 Applicable to Land, Water, and Air transportation
PRIVATE CARRIER 1. Civil Code - primary
 One which, without being engaged in the 2. Code of Commerce (Arts. 349, 379, 573-
business of carrying as a public employment, 734, 580, 806-845) - suppletory
undertakes to deliver goods or passengers for
compensation. (Home Insurance Co. vs. American B. International/foreign/overseas (Foreign


 CHAIRPERSON: Garny Luisa Alegre  ASST. CHAIRPERSON:Jayson O’S Ramos  EDP: Beatrix I. Ramos  SUBJECT
Marichelle De Vera (Negotiable Instruments Law); Jose Fernando Llave (Insurance); Aldrich Del Rosario
(Transportation Laws);
Shirley Mae Tabangcura, Bon Vincent Agustin (Corporation Law); Karl Steven Co (Special Laws); John Lemuel
Gatdula (Banking Laws); Robespierre CU (Law on Intellectual Property)
San Beda College of Law

country to Philippines) 1. CASO FORTUITO/FORCE MAJEURE

 Applicable to Water/maritime and Air  Requisites:
transportation a. Must be the proximate and only cause of
 The law of the country of destination generally the loss
applies. b. Exercise of due diligence to prevent or
1. Civil Code - primary minimize the loss before, during or after the
2. Code of Commerce - suppletory occurrence of the disaster (Art. 1739)
3. Others - suppletory c. Carrier has not negligently incurred in
a. Water/maritime: Carriage of Goods by delay in transporting the goods (Art. 1740)
Sea Act (COGSA)  Fire is not considered a natural disaster or
b. Air: Warsaw Convention calamity as it arises almost invariably from some act
of man. (Eastern Shipping Lines Inc. vs. IAC)
I. NEW CIVIL CODE  Mechanical defects are not force majeure if the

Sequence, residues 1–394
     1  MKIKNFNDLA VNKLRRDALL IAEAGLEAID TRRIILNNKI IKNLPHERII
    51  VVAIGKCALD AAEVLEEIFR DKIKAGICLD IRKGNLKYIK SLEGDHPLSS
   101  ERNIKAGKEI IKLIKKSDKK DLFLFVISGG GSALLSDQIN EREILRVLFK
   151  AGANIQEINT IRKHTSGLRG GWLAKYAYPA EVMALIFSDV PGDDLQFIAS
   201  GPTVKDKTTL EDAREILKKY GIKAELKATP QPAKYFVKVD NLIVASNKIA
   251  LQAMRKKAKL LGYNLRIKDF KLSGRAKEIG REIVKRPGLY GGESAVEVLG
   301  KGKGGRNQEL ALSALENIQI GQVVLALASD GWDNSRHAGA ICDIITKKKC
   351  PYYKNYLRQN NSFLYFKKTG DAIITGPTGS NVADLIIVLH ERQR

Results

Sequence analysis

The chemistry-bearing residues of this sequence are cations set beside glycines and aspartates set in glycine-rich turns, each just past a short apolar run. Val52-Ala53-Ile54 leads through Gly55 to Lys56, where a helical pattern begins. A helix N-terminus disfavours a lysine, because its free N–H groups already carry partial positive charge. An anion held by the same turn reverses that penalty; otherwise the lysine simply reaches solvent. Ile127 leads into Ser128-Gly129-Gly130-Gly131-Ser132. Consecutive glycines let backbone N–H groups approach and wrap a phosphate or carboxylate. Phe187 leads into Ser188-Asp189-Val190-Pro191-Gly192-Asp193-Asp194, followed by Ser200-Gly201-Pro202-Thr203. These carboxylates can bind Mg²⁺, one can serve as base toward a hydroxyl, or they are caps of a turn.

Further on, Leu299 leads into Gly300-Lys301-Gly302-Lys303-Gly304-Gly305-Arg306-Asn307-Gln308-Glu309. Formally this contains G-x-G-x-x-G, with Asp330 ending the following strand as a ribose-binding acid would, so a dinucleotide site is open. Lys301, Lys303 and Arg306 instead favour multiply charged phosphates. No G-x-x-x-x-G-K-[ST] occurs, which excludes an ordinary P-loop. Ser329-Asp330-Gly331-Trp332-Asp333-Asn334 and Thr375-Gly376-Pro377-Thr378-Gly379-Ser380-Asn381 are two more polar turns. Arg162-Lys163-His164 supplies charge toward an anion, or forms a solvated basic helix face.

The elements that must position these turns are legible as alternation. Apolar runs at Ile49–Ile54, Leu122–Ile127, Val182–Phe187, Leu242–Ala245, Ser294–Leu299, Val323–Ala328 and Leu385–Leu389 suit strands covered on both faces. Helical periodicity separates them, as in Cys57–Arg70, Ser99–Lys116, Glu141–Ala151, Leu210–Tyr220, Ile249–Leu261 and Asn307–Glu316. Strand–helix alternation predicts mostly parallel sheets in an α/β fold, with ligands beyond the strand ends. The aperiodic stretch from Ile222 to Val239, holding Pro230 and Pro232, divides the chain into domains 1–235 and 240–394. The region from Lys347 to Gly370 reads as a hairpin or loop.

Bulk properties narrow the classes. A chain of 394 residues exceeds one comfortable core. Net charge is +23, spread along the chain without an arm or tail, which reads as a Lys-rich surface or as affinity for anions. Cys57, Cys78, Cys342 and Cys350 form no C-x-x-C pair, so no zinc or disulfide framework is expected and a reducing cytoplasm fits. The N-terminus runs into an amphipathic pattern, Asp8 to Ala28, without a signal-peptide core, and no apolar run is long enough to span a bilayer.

(Arts. 1732-1766) same was discoverable by regular and adequate
inspections. (Notes and Cases on the Law on
REQUIREMENT OF EXTRAORDINARY Transportation and Public Utilities, Aquino, T. &
DILIGENCE Hernando, R.P. 2004 ed. p.120-122)
 Rendition of service with the greatest skill and
utmost foresight. (Davao Stevedore Co. v. 2. ACTS OF PUBLIC ENEMY
Fernandez)  Requisites:
 Rationale: a. Must be the proximate and only cause of
1. From the nature of the business and for the loss
reasons of public policy (Art. 1733) b. Exercise of due diligence to prevent or
2. Relationship of trust minimize the loss before, during or after the
3. Business is impressed with a special act causing the loss, deterioration or
public duty destruction of the goods (Art. 1739)
4. Possession of the goods
5. Preciousness of human life 3. NEGLIGENCE OF THE SHIPPER OR OWNER
 A common carrier is not an absolute insurer of all a. Sole and proximate cause: absolute defense
risks of travel. b. Contributory: partial defense. (Art. 1741)


1. Vigilance over goods (Arts. 1734-1754); and THE PACKING OR IN THE CONTAINER
2. Safety of passengers (Arts. 1755-1763).  Even if the damage should be caused by the
inherent defect/character of the goods, the common
PASSENGER carrier must exercise due diligence to forestall or
 A person who has entered into a contract of lessen the loss. (Art. 1742)
carriage, express or implied, with the carrier. They  The carrier which, knowing the fact of improper
are entitled to extraordinary diligence from the packing of the goods upon ordinary observation, still
common carrier. accepts the goods notwithstanding such condition,
 The following are not considered passengers, and is not relieved of liability or loss or injury resulting
are entitled to ordinary diligence only: therefrom. (Southern Lines, Inc. v. CA, 4 SCRA 258)
a. One who has not yet boarded any part of
a vehicle regardless of whether or not he 5. ORDER OR ACT OF PUBLIC AUTHORITY
has purchased a ticket;  Said public authority must have the power to
b. One who remains on a carrier for an issue the order (Art. 1743). Consequently, where
unreasonable length of time after he has the officer acts without legal process, the common
been afforded every safe opportunity to carrier will be held liable. (Ganzon v. CA 161 SCRA
alight; 646)
c. One who has boarded by fraud, stealth,  Diligence in the selection and supervision of